“The worldwide incidence of preeclampsia is rising, so research grows more important by the day,” Dr. McIntosh says. “Preeclampsia has existed for as long as women have been giving birth, and yet the only cure for it is delivering the baby. I believe we can be innovative and do better for our patients.”

MCW scientists published results on a study of one of the emerging theories for what causes preeclampsia in Science Advances in December 2023. The experiments focus on a particular layer of cells of the placenta called the syncytiotrophoblast (STB), which is a key part of the barrier between the mother and developing fetus. This blockade helps keep a mother’s fully formed immune system from reacting to the fetus and potentially responding as if the fetus was a foreign threat such as a viral or bacterial invader. The barrier also works in reverse to keep the fetus’s growing immune system from reacting to its mother’s cells and tissues. The study’s authors investigated the hypothesis that an abnormal amount of cellular and molecular stresses to the STB can damage the placenta and lead to preeclampsia.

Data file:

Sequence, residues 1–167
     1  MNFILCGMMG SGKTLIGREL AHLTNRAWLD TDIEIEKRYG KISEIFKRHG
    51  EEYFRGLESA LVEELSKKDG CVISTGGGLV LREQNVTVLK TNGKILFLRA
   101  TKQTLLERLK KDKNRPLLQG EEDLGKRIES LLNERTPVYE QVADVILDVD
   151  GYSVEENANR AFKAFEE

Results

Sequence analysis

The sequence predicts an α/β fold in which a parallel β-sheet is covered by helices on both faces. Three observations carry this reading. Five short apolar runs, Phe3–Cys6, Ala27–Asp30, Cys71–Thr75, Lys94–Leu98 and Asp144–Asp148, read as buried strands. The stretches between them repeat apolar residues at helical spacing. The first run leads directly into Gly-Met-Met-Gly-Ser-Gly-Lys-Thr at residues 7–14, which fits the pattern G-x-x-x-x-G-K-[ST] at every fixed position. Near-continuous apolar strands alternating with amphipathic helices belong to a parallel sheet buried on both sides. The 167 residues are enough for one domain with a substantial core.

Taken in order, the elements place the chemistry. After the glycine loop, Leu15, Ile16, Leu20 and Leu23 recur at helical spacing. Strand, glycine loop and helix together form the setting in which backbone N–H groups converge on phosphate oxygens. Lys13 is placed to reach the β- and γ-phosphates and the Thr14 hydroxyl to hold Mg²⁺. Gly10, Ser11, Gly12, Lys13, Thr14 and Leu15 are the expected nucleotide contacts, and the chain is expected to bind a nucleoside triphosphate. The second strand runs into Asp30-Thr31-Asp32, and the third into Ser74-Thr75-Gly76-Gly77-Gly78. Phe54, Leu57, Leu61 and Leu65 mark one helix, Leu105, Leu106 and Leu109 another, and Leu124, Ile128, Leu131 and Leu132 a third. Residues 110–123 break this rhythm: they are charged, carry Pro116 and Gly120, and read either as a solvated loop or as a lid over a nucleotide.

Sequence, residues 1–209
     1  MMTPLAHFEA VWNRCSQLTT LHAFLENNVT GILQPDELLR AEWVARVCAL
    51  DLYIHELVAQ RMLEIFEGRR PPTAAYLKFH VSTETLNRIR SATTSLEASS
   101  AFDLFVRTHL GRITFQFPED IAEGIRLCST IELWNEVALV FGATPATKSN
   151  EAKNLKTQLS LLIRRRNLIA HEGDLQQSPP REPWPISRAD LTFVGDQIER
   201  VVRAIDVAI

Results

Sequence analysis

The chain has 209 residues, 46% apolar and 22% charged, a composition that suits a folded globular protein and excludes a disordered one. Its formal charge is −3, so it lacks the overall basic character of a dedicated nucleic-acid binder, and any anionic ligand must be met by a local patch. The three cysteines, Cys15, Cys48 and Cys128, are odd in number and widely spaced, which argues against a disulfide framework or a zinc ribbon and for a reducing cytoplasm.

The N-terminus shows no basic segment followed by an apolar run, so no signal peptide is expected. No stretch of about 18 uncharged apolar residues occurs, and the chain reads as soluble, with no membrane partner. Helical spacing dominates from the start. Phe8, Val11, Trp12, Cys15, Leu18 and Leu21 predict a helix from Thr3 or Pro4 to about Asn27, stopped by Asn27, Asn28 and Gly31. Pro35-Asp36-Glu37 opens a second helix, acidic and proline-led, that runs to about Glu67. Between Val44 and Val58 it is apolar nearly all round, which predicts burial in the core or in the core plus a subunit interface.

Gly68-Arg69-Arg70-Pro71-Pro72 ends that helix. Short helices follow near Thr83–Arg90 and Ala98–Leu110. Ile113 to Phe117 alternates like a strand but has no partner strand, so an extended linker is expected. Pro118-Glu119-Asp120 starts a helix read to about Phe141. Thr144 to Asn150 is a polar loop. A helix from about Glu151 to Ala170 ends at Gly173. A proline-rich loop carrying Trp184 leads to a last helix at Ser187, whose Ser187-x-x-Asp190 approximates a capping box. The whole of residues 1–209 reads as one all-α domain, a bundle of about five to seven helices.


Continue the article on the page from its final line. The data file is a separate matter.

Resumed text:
“There is considerable evidence that these stresses accumulate, however, how and why it happens continues to be an open question,” says Justin Grobe, PhD, MCW professor of physiology and biomedical engineering and the co-corresponding author on the Science Advances manuscript with Dr. McIntosh. “We felt it was important to continue to validate the STB stress findings before advancing work on our hypothesis that elevated hormones of pregnancy contribute to the accumulation of stress by overstimulating the STB.”